Eliminating transmission in the workplace is no longer ‘nice to have’

Despite widely differing opinions on the status of SARS-Cov-2 and reluctance towards public health care, Australian businesses (and the economy) continue to be battered by absenteeism and disruption induced by the COVID.

Sick leave due to fever and cough is already five times higher than last year’s levels, with the latest flu tracking data showing 2.25% of people off work due to illness, compared to a five-year average of 1.5%. Hundreds of thousands of Australians are already estimated to be suffering from Long COVID – costing the country $100 million a week, and if current costs persist, almost $5 billion a year.

Conversely, as restrictions and mandates have been removed, the responsibility for community public health has shifted unceremoniously to the general public and business owners to care for their workers.

According to Fair Work and Safe Work Australia, employers have a duty under the Model Occupational Health and Safety Acts to eliminate or minimize the risk of COVID-19 at work where possible.

Persons running a business or enterprise (PCBU) must protect the health and safety of their workers and eliminate or minimize the risk of exposure to COVID-19. They must also assess any other new or changed risks arising from COVID-19, for example, client aggression, high work demand or lone working, as well as cover any sick leave payments that may be due.

PCBUs are required to have appropriate policies and procedures in place to minimize exposure to and transmission of COVID-19 in the workplace and should consider developing a COVID-19 management policy that outlines the how their organization manages risk, including ensuring workers do not come to work if they are unwell, have just had COVID-19, or are in close contact with a person with COVID-19.

Confusion still exists around the recent shortening of the COVID-19 isolation period from seven to five days, but what most people seem to have missed is that the new ruling only applies to people asymptomatic – and it does not apply to people in high-risk workplaces. The exact period during which a person is contagious varies depending on the severity of the infection, the vaccination status and the person’s immune system. People with weakened immune systems can be contagious for weeks or longer.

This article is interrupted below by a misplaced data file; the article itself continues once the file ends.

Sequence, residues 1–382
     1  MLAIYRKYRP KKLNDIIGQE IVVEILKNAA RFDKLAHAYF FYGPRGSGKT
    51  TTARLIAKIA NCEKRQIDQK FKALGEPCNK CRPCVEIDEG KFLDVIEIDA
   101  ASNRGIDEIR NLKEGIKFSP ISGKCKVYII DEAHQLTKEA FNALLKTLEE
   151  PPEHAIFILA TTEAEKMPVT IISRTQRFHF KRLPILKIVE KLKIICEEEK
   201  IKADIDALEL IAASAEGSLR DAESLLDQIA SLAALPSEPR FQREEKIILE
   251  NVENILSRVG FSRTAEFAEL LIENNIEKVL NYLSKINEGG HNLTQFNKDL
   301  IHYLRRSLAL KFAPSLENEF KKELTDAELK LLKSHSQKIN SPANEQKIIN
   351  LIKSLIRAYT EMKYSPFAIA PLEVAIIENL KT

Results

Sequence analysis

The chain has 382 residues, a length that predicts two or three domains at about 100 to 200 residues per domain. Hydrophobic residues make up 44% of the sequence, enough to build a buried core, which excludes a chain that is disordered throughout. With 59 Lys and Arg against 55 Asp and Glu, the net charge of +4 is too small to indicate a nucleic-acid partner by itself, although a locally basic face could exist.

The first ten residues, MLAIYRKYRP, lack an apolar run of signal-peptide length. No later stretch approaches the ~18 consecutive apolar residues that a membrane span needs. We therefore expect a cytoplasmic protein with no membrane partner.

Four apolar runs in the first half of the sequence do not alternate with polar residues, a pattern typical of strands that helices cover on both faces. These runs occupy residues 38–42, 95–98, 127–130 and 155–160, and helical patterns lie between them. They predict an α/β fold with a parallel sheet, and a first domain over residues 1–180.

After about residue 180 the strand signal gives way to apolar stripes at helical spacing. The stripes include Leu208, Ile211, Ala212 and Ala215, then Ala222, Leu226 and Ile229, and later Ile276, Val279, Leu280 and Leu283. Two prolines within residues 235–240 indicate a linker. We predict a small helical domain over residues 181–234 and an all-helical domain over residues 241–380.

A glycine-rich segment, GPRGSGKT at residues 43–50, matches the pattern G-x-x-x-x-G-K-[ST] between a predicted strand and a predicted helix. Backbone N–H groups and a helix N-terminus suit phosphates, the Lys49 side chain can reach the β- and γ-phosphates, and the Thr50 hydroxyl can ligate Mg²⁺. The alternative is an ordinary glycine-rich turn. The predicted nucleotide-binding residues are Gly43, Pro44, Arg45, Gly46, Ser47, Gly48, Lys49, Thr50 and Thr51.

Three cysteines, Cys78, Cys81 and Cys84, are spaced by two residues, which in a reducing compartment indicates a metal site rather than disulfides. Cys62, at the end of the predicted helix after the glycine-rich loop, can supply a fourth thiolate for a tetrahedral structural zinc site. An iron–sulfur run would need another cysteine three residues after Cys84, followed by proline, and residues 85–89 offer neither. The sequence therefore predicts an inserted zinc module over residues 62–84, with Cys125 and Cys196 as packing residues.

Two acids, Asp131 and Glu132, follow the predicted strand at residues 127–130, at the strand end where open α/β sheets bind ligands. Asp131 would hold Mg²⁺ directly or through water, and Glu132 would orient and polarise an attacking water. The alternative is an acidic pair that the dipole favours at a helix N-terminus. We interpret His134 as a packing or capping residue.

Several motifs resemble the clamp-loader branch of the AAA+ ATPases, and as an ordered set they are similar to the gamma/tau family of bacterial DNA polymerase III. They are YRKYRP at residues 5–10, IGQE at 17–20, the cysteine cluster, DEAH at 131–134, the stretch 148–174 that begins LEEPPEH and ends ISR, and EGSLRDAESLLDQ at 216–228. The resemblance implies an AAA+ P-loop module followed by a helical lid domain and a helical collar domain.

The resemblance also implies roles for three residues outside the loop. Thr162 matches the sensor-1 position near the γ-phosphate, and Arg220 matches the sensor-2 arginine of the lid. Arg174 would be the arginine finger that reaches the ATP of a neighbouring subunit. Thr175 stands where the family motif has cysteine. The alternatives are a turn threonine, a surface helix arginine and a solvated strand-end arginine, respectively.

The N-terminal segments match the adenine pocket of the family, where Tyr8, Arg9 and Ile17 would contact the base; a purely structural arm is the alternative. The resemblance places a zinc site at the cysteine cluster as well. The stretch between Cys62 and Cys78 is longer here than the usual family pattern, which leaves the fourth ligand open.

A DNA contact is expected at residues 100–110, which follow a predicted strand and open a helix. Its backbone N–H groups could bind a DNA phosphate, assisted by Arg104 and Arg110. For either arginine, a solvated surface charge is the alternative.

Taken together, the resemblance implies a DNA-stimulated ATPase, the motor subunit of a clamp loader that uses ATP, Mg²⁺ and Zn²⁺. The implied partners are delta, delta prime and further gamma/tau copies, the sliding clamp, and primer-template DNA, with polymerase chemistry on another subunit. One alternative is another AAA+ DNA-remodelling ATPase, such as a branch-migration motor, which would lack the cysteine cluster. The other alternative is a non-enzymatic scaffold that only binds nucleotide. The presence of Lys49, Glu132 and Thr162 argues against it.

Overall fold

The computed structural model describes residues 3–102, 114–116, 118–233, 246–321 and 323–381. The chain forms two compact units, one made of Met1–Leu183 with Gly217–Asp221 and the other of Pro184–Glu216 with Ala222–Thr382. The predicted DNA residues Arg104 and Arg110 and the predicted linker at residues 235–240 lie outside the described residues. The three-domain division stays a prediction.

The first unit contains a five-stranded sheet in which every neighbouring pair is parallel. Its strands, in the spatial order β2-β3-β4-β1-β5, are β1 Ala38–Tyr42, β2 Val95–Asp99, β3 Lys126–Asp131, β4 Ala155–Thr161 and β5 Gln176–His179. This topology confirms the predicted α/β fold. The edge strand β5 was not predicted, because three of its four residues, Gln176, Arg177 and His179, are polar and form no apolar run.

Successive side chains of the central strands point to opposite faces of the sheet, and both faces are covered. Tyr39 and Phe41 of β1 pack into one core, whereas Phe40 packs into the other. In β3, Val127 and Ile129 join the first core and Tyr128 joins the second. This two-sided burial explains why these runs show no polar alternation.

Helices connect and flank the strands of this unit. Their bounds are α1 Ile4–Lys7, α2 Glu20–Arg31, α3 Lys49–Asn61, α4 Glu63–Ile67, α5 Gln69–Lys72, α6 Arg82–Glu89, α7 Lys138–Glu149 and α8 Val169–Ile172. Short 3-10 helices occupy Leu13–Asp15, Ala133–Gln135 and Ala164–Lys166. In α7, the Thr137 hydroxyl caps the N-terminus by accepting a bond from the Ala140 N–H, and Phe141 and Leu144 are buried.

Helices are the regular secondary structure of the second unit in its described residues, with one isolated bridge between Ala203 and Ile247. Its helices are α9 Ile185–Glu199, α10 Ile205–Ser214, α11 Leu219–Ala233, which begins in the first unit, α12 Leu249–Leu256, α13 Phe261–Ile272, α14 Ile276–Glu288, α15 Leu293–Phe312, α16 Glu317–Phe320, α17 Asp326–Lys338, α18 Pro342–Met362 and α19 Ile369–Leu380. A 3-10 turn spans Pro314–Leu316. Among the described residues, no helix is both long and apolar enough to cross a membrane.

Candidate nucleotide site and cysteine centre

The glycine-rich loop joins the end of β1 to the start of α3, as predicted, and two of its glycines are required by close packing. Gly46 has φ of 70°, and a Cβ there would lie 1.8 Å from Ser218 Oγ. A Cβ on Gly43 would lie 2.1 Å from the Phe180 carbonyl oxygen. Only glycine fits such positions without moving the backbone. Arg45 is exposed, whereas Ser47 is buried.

Businesses may not know how to adequately protect their staff and meet WHS obligations at this time, but there is a simple solution that can be implemented and managed cost-effectively. Employers concerned about the effect of SARS-CoV-2 on their workforce should ask staff to test negative on a rapid antigen test before returning to work.

Establish a “return testing” policy with a highly sensitive rapid antigen test in conjunction with a digital verification, recording and reporting platform that ensures the test was performed according to the manufacturer’s instructions for use and is traceable through a unique QR code, gives management peace of mind that the employee is doing well, eliminating the ingress of COVID-19 into the workplace and protecting the workforce work and the wider community in a collaborative and compliant manner.

Similar to regular COVID-19 testing programs implemented in high-risk environments, a “return to work” program using the bespoke digital app and monitoring platform enables reporting of test results, proactive resource management and occupational health and safety compliance. In addition to ensuring business continuity, the collection of all test result information is managed in accordance with the WADA Privacy Act and Code of Ethics (2016).

Although the WHS mitigation requirements may initially seem ambiguous, the penalty for non-compliance and the potential for workers’ compensation claims are clear. According to a report in Allens Insights, an employer can be held liable for a death or injury related to COVID-19 when it can be established that the employee contracted COVID-19 in the course of their employment. and that his work-related activities were the major contributing factor to COVID-19 infection.

Just months ago, the New South Wales Personal Injury Commission (the Commission) found an employer liable for the death of an employee who contracted COVID-19 while employed and ordered him to pay to the widow a lump sum death benefit of $834,000 and a weekly indemnity for the duration of the hospitalization of the deceased.

Speaking about the decision, Graham Gordon, CEO of Gardian and developer of the Gardian T3 rapid saliva-based antigen test, Self Check app and Test Tracker solution, said: “Companies need to ensure that they implement a response adapted to the objective. COVID place we are in now.

“Employers should want employees to stay home when they have COVID-19, and they should encourage workers to do all they can to reduce the spread, including following the recommended isolation period. and ensuring that they have obtained a negative test result before returning to the workplace.

“Not only is it grossly unfair to have employees back to work before they are fully cured, but it is also bad management.”

/Public release. This material from the original organization/authors may be ad hoc in nature, edited for clarity, style and length. The views and opinions expressed are those of the authors.

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